Taiwan and trust

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Taiwan and trust

After the Kuomintang rout of the Democratic Progressive Party in Taiwan’s legislative elections in January, international observers are speculating on how Taiwan will reorient its foreign policy. Both candidates for Taiwan’s March 22 presidential contest have pledged to rebuild trust with the United States.
Trust between Taipei and Washington is of vital importance, first because Taiwan’s security and responsible diplomacy hinge on avoiding the perception of abandonment by the Unites States. Second, mutual trust is essential to the stabilizing role of the U.S. in cross-Strait relations because Washington needs assurance that Taipei will not trap it in an unnecessary conflict with China. Third, any lack of trust between Taiwan and the U.S. injects unwelcome uncertainty into both sides’ relations with Beijing.
In the early days of George W. Bush’s administration, U.S. support for Taiwan was approaching a level not seen in decades. Today, mutual confidence in the relationship is reminiscent of the low ebb of the 1970s. Before laying out an agenda for improving U.S.-Taiwan relations, it is useful to examine the reasons why trust was so badly damaged during President Chen Shui-bian’s tenure.
First, there were perceptions of betrayal on both sides. Chen articulated in his 2000 inaugural address “four nos” regarding Taiwan’s international status. The United States considered Chen’s subsequent statements on Taiwan’s independence, initiatives to use the name Taiwan instead of Republic of China, discontinuation of the National Unification Council and pursuit of referendum politics, as going back on his word. International friends of Taiwan saw Chen use their support and cooperation to score partisan points. Chen’s identity politics meant to garner votes domestically came at the expense of trust internationally.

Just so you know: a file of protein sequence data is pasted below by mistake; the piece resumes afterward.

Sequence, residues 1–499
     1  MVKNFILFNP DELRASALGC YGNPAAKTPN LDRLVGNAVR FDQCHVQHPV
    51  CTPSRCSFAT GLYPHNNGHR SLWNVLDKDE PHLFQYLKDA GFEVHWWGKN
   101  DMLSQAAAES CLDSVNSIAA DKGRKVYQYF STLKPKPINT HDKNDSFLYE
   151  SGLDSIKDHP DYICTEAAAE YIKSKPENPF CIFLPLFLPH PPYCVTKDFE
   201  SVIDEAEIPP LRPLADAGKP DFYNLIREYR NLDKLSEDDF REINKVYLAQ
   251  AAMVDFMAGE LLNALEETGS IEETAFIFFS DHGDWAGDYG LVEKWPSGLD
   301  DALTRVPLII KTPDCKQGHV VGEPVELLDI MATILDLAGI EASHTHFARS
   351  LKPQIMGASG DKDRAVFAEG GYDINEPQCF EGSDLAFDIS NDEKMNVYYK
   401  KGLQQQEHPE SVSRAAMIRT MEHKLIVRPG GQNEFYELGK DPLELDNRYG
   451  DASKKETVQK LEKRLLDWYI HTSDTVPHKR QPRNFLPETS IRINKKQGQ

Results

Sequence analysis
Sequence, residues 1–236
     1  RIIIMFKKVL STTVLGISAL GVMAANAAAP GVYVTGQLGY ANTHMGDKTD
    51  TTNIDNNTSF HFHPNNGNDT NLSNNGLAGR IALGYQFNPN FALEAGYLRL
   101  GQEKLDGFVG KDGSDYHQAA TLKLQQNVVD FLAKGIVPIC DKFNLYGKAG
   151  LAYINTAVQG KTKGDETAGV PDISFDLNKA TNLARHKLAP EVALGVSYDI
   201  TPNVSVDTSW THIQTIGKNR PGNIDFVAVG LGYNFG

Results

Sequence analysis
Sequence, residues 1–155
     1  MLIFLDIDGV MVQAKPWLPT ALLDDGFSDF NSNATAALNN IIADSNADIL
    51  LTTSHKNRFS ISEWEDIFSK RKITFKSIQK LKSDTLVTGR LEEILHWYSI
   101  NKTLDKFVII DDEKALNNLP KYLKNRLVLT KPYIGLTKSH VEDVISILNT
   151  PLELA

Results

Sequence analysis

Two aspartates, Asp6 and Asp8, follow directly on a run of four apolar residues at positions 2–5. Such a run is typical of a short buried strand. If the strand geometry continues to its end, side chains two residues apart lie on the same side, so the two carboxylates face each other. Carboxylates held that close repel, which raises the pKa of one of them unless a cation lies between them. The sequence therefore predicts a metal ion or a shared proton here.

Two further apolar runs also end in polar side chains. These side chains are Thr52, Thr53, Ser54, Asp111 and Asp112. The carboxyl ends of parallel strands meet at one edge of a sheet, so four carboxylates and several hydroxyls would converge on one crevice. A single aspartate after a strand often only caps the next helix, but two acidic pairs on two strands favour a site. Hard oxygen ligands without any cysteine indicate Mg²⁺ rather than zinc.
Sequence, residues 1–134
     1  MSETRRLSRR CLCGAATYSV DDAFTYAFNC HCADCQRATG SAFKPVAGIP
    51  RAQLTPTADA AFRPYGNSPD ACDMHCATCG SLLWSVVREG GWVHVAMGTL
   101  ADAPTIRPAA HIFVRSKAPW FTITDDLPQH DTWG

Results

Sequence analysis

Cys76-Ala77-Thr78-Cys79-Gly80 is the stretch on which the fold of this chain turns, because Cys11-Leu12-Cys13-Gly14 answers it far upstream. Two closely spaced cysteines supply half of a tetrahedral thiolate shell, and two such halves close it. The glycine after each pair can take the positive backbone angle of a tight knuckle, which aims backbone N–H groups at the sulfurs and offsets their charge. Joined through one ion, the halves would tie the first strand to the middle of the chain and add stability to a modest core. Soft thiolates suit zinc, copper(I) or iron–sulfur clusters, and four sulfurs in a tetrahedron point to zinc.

Meanwhile, some in Taiwan felt that Washington had abandoned Taiwan for profitable relations with China and post-9/11 security priorities. They allege that Washington takes cues from Beijing on how to deal with Taiwan. Some groups in Taiwan believe that the island is so strategically important, America must protect it, and that “standing up to China” is what Washington really wants. They feel betrayed when U.S. officials restate their position of “no unilateral change to the status quo” and criticize Taiwan policies.
Second, there was a lack of consultation and mutual respect. Trust between the United States and Taiwan needs open and stable communication between executive and legislative branches. Unfortunately, Washington places prohibitive restrictions on official contacts. Furthermore, the Chen administration fell short in staffing foreign policy. Many policy experts remained loyal to the Kuomintang camp while Chen’s DPP lacked human resources and did not effectively reach across the aisle. Chen often shuffled appointed positions for political reasons; with such turnover, it proved difficult to develop coherent policy and build trust with other governments.
Chen’s administration also sprang surprises ― such as “one country, each side” or discontinuing the Unification Council ― without meaningful consultation with Washington. Unpredictability damages trust, as does diplomatic scolding. The Bush administration felt compelled to admonish Taiwan publicly, especially regarding the referendum on United Nations membership. While it is unlikely to pass, it caused unfortunate perceptions of Washington not adequately respecting Taiwan’s democracy and Taiwan not adequately respecting U.S. interests.